Summary: Visualizations of Ulam Spirals.

Recently a brief discussion evolved into an hour of visualizations of the compositeness of numbers. A number that is the power of a prime seems to be closer to a prime than a number that has lots of prime factors. ω(

*n*) is the number of distinct prime factors of

*n*, a notion which is used here and there.

How to visualize the compositeness of a number? We tried a few approaches, some of which we'll show in future posts. For now, here are some views of the integers from 3 to 10,000, with 3 in the middle and the rest winding around it. All of these images were created with Mathematica.

Each cell is colored based on its omega. The greener, the more composite (so to speak).

A variation, this time showing the structure of each number:

Each number is represented by a square that depicts the number's prime factorization.

Color is given by the size (so to speak) of the largest prime in the factorization. We did experiment with some 3D representations.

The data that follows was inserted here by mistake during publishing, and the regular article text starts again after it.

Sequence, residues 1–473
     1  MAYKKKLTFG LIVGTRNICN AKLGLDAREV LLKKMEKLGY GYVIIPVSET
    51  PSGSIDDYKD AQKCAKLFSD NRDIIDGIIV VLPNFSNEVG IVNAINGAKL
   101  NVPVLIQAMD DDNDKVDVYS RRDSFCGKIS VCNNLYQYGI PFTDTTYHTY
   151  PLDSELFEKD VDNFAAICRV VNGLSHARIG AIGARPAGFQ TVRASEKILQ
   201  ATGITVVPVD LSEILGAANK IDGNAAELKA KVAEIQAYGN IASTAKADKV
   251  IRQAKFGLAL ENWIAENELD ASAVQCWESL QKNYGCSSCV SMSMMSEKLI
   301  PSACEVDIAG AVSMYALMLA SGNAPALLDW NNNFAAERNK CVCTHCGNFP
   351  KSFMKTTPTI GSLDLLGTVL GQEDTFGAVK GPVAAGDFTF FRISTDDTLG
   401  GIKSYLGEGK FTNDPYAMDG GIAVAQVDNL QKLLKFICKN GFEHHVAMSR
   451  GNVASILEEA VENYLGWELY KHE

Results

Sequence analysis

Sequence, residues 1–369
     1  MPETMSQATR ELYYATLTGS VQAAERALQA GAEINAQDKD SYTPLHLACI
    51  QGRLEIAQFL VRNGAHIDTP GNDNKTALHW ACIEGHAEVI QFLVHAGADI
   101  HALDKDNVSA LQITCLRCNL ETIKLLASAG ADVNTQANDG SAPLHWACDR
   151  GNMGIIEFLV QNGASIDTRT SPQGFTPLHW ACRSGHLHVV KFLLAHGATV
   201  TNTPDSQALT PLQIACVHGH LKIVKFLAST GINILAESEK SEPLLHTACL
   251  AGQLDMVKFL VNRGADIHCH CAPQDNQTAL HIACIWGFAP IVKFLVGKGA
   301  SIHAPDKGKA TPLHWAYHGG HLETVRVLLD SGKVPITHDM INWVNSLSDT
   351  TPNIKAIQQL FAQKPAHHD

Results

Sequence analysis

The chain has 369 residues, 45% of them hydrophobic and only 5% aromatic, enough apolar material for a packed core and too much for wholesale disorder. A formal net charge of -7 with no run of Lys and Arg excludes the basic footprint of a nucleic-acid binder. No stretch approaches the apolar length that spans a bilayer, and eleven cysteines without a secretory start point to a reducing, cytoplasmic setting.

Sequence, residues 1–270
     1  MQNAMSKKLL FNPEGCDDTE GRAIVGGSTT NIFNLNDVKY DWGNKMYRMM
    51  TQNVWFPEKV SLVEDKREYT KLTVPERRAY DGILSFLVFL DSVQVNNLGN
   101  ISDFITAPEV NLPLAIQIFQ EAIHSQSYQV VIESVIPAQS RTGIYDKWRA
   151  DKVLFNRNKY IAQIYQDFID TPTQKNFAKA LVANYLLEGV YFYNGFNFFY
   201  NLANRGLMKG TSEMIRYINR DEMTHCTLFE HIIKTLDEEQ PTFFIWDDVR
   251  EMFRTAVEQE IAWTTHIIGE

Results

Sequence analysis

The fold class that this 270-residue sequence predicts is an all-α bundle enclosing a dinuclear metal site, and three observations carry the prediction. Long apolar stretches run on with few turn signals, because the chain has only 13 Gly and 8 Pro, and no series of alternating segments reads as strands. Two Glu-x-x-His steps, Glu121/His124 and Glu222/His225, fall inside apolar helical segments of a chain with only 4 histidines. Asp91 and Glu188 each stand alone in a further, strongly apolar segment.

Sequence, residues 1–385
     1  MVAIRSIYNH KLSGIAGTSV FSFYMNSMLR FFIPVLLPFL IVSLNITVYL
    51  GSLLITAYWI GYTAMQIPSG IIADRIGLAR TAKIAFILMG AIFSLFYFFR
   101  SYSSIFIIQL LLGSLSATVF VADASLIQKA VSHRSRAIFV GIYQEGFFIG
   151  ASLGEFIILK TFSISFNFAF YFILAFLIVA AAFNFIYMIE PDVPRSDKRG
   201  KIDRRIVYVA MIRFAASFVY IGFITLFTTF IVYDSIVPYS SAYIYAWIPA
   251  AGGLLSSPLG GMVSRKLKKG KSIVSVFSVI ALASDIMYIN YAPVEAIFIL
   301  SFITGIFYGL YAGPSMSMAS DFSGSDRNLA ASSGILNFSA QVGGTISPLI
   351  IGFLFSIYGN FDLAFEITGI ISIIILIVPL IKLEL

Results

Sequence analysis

But we didn't like those as much.

Here are some closer views of the 2D representations. Click an image to get a larger version.

If there's any interest, we can make our PDF versions available. We did one version up to 40,000:

A wall-sized print would be interesting.

Thank you, these are remarkable -- I'd love to see the PDF versions!

ReplyDeleteThis is awesome, PDF would be nice.

ReplyDeletePosting some PDF's to this blog in a few minutes.

ReplyDeleteThese are amazing! Did you ever post the pdf's. I've love a poster of the last one.

ReplyDeleteYeah, I finally posted some PDF's here.

ReplyDeleteI'd like to see a Sack's Spiral version...

ReplyDeleteAmazing, thank you for the effort...much appreciated!

ReplyDeleteHere is a fun idea. Do the classic Ulam Spiral, BUT do 4 different ones based upon the end digit (1, 3, 7, 9) of the prime number. Then, if you want to play around a bit, then mix & match those sets (4! = 1*2*3*4 = 24 set permutations) to find interesting combos.

ReplyDelete